outperforms the equivalent SPC product code by 1.25 dB at
a BER of 10
5
. This would indicate that the performance of
the PCC (or SCC) can be improved by using a randomly
interleaved SPC product code. This is conrmed by simu-
lation results at high SNR; however, at low SNR the per-
formance is somewhat worse than the noninterleaved SPC
product code PCC (see Figure 7). This behavior can be at-
tributed to the reduction in the overall code rate of the con-
10
0
10
1
10
2
10
3
10
4
10
5
B
E
R
1.2 1.4 1.6 1.8 2 2.2 2.4
E
b
/N
0
(dB)
4D (8, 7) PCC SPC PC
4D (8, 7) PCC RI SPC PC
Figure 7: Performance of a PCC with component 4D (8, 7) RI SPC
product codes compared to the PCC simulation results with com-
ponent 4D (8, 7) SPC product codes, for 1 to 12 decoding iterations.
catenated code and the consequent increase in the noise vari-
ance. For instance, the four-dimensional (8, 7) PCC has code
rate R = 0.4146, hence at E
b
/N
0
= 2 dB, the noise variance is

2
= 0.76. However, both the standard and randomly inter-
leaved 4D (8, 7) SPC product codes have rate R = 0.5862, so
a noise variance of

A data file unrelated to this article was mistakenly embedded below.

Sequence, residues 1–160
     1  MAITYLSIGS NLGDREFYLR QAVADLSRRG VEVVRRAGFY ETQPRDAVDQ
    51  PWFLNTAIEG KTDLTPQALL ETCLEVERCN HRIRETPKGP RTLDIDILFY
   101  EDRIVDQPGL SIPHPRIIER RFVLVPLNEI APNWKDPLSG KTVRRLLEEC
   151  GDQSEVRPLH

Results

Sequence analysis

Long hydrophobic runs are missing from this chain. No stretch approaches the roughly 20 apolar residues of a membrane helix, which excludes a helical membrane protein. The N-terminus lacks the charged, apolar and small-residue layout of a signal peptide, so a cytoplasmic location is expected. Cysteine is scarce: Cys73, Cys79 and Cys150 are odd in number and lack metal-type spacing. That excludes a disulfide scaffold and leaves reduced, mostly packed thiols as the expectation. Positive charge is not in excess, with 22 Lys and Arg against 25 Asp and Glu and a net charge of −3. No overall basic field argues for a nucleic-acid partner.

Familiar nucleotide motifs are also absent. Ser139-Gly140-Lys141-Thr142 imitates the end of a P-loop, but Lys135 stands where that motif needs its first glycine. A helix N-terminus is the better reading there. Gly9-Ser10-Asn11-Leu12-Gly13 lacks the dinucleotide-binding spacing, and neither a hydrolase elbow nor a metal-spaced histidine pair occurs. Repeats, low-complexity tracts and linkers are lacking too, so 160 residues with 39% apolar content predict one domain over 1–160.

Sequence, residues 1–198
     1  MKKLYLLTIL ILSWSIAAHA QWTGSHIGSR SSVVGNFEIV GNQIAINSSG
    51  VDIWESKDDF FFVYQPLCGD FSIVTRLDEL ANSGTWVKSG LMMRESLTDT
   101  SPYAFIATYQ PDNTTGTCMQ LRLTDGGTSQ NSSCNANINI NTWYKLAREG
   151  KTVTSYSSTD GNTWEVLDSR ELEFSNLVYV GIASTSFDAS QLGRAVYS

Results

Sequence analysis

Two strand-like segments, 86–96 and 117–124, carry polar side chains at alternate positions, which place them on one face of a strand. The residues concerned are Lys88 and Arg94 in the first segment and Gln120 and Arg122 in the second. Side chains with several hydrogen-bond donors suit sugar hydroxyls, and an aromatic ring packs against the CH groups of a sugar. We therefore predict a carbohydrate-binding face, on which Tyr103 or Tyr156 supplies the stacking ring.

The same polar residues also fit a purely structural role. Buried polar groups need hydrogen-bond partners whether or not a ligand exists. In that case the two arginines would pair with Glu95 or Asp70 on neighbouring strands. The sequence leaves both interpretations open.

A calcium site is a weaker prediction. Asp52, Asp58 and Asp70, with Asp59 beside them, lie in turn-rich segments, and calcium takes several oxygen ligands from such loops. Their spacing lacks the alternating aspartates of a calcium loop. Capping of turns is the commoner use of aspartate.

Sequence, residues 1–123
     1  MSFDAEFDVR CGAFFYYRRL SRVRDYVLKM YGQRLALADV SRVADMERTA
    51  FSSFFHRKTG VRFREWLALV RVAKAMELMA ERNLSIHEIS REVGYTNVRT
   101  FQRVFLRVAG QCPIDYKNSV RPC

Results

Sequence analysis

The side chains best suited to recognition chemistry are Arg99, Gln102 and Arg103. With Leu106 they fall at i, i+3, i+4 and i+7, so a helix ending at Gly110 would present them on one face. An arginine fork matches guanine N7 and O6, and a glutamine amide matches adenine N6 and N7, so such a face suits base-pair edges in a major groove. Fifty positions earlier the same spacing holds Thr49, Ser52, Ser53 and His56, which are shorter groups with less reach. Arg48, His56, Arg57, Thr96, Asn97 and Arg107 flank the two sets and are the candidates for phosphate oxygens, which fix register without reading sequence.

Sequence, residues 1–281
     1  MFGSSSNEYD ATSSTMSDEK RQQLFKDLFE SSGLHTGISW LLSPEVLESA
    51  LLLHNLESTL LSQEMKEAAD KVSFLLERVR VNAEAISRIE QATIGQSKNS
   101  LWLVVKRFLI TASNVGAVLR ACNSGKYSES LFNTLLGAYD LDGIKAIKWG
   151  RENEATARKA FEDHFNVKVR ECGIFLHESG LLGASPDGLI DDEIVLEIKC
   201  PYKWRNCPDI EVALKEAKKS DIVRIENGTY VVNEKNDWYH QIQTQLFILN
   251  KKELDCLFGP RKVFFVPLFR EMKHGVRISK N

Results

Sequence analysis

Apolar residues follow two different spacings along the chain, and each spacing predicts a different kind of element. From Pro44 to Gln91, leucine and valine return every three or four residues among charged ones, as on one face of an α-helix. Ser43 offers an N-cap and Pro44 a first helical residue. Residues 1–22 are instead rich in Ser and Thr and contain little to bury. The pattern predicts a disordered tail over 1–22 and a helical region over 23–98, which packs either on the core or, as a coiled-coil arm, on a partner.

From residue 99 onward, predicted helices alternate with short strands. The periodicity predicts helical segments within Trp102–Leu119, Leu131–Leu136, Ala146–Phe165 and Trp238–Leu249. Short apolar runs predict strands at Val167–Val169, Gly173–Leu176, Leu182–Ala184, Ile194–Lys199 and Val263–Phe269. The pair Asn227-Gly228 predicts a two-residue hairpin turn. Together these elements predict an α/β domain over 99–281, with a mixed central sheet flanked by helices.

2
= 0.76 corresponds to E
b
/N
0
= 0.5 dB.
The results in [7] indicate that at this signal-to-noise ratio,
the performance of the standard and randomly interleaved
SPC product codes is almost identical (in fact, the standard
SPC product code performs marginally better). Therefore,
it can be expected that at E
b
/N
0
= 2 dB, the performance
of the PCC using either component code will be very simi-
lar. However, this does not take into account the availability
of the extrinsic information to the bits in each component
code.
The parity bits in the RI SPC product code are not de-
coded in all dimensions of the product code [7], hence ex-
trinsic information from all dimensions is not available to
the RI SPC product code (unlike the standard SPC product
code). Therefore, the extra extrinsic information available on
the data bits, due to the other code in the PCC, can be used
indirectly by all bits in the standard SPC product code, but
not by all bits in every dimension for the RI SPC product
code. This is a disadvantage of the RI SPC product code at
low SNR. However, at a slightly higher SNR, E
b
/N
0
= 2.3 dB,
the inherently better performance of the RI SPC product
code allows the PCC to perform better than the original code
(see Figure 7).
6.2. SCCs with modied component codes
Another simple variation on the original SCC SPC prod-
uct code involves not transmitting the checks on checks for
the inner code. The motivation for this construction is to
use the improved performance of the SPC product codes
Parallel and Serial Concatenated SPC Product Codes 781
10
0
10
1
10
2
10
3
10
4
10
5
B
E
R
1.5 2 2.5 3 3.5 4
E
b
/N
0
(dB)
4D (8, 7) SCC SPC PC
4D (8, 7) modied SCC SPC PC